August 27, 2010

Egg Issues

Deviled Eggs are part of summer eating right? These luscious eggs in this chicken dish (made by my mom many years ago) would tempt most anyone. Except for the fact that Iowa currently has egg on it's face in regard to the enormous product recall stemming from two large chicken operations. What's your response to this recall? Stopping egg consumption is surely not the only answer since this is a staple in many people's homes and still a very inexpensive source of high quality protein. Remember that recent reports about the cholesterol issues surrounding egg consumption have been debunked, therefore, you have a nearly perfect source of protein in an egg, and it's worth fighting for some that are good quality. Take a look at this article about the positive health benefits attributed to egg consumption.

Once again we are faced with the truth about how we have to be responsible and diligent, doing everything we can to make good, safe food choices for our families. It's much easier to assume that whatever your grocery store sells must be safe, since our government has so many controls in place to ensure that safety - right? As the story unfolds, there are numerous allegations being revealed. News stories report the fact that the FDA rarely inspects these facilities, and we've seen some disturbing images and reports about just how sickening the conditions may be in facilities like this. There also seems to be some confusion about whether or not the USDA has any authority to correct problems they may find. One of the biggest eye openers for me is the number of different labels on eggs coming from the very same source. Our food supply is not nearly as diverse as we would be led to believe when we see varying brand names.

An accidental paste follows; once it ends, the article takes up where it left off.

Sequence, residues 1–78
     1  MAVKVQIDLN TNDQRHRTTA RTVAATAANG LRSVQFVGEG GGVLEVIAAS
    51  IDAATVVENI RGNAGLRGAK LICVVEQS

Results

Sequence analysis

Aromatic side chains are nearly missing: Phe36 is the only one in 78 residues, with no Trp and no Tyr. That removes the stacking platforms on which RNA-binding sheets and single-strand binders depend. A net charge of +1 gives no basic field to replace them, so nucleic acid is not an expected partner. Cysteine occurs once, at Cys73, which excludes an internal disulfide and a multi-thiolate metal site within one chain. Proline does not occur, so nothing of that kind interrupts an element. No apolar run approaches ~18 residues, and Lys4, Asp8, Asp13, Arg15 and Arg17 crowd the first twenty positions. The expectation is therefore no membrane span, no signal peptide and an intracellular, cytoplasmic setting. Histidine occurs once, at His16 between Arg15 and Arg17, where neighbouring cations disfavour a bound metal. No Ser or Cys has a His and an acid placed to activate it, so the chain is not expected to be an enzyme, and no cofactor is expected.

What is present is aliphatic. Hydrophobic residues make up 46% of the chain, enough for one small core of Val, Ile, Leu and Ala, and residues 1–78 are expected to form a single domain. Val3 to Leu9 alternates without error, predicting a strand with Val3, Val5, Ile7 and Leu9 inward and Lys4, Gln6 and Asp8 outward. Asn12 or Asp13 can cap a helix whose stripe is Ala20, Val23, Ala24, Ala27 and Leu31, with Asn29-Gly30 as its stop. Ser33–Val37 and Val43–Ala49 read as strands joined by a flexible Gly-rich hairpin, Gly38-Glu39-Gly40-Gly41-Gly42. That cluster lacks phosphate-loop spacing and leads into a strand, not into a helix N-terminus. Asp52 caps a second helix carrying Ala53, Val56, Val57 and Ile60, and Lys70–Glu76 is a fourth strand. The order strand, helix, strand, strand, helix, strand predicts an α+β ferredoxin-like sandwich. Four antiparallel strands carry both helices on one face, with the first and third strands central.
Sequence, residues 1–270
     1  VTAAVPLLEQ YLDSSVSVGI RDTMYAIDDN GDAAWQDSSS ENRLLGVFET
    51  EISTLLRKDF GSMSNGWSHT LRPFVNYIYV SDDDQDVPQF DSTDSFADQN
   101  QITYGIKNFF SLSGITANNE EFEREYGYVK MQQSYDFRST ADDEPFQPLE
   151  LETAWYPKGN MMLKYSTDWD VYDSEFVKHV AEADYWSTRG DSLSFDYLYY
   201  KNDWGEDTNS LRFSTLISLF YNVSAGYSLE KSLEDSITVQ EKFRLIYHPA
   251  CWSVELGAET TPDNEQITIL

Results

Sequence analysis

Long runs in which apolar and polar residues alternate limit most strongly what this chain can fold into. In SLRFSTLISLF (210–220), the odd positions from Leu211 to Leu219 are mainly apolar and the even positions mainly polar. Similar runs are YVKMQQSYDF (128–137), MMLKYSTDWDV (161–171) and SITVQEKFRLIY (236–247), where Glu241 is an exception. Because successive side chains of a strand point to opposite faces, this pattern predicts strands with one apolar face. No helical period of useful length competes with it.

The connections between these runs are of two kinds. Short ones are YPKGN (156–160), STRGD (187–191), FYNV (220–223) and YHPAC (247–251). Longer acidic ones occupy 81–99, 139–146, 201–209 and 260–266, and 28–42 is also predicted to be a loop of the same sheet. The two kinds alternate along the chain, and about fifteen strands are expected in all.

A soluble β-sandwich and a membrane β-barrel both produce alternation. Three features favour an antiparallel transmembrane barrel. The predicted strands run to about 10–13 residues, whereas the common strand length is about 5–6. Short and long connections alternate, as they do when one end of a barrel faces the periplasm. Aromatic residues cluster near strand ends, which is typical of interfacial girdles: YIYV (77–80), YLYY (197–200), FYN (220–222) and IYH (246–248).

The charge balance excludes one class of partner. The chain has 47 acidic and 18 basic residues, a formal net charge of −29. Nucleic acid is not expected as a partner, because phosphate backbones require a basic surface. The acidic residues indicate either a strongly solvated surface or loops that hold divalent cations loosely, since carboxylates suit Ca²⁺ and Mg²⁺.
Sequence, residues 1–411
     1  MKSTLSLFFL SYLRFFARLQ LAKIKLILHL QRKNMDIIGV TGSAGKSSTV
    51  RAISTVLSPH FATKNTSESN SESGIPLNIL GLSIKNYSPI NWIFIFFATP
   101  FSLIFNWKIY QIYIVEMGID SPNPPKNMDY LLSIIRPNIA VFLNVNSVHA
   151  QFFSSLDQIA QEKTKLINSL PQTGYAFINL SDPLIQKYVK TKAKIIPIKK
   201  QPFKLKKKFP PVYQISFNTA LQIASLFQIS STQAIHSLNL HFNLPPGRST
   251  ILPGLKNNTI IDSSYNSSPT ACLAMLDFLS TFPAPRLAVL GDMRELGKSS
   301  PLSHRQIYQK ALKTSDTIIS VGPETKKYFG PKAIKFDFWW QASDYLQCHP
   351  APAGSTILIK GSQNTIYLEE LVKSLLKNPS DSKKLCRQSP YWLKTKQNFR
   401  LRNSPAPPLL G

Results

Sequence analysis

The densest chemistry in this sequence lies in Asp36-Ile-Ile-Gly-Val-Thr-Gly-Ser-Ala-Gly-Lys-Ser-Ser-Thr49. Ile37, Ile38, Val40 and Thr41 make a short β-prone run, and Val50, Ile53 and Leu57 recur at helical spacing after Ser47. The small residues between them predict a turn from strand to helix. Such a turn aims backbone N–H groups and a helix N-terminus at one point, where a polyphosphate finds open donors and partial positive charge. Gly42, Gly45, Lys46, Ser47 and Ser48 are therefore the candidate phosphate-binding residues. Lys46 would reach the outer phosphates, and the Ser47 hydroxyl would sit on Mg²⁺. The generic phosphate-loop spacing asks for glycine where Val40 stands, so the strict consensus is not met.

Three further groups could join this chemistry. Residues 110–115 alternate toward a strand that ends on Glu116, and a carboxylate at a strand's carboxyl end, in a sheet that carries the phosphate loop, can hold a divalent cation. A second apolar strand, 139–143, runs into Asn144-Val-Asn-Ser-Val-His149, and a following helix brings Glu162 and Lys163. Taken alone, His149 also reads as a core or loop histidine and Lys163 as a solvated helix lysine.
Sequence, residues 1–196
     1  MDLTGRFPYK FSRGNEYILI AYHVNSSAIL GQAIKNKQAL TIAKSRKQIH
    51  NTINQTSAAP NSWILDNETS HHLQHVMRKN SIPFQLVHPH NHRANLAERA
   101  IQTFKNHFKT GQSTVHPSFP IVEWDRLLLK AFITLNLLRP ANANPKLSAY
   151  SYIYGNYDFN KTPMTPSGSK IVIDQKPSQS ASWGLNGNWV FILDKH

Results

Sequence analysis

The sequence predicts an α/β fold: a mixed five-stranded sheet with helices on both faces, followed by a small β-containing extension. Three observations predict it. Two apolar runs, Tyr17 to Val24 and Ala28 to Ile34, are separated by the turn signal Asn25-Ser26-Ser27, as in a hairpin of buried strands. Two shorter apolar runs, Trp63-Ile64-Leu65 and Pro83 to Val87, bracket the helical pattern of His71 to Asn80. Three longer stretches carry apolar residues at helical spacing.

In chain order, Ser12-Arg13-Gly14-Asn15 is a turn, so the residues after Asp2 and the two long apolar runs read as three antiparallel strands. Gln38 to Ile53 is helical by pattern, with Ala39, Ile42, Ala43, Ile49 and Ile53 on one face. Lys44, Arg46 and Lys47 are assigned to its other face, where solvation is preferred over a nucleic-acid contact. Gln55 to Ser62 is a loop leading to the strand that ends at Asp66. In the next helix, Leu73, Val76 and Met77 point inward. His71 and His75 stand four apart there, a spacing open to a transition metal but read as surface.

We are very blessed to have a source for eggs from "pastured" hens in our food coop. These eggs come from Novae Vitae Farm in Carlisle, IA. Many of the egg providers for our coop explain, in detail, the conditions of their farming operations and care very much about how their animals are handled. Here's what Novae Vitae says about their hens. "Our laying flock are free-range in the truest sense. They are able to forage throughout the day, weather permitting, doing what chickens were intended to do. We have had numerous customers tell us our eggs just taste better so that must be the secret."


So you don't have a food coop with numerous choices and you have concerns - What to do? Do you have a farm in reasonable distance that you could rely on? Is there a farmer's market near you - and if there is an egg vendor, can you find out how to get their eggs year-round? Is there a choice in your grocer's egg aisle that is trustworthy? Beware of labels and catch phrases however. One thing you commonly see on "high end" eggs is "free range". Mother Earth News has an excellent article about pastured vs. supposed "free-range" hens and eggs. It's really worth the time to read this article and EDUCATE YOURSELF! Here's another source of egg education in this article from "The Daily Green". Scroll about half-way down the page to read about the "free range" label, though the entire article offers some good insight and education - and more credence to the statement that you have to be your own advocate in purchasing safe, healthy food.

One final idea for safe food sources that might be in your area too. Drake University in Des Moines heads up an organization supporting local producers called "Buy Fresh, Buy Local". A simple internet search may reveal that this is in your area too. One wonderful side benefit of getting out there and making contact with people in your area who are running small farms - they are often really wonderful folks and it can be very uplifting to visit with them and learn about what they do and why. Try them - you'll like them!

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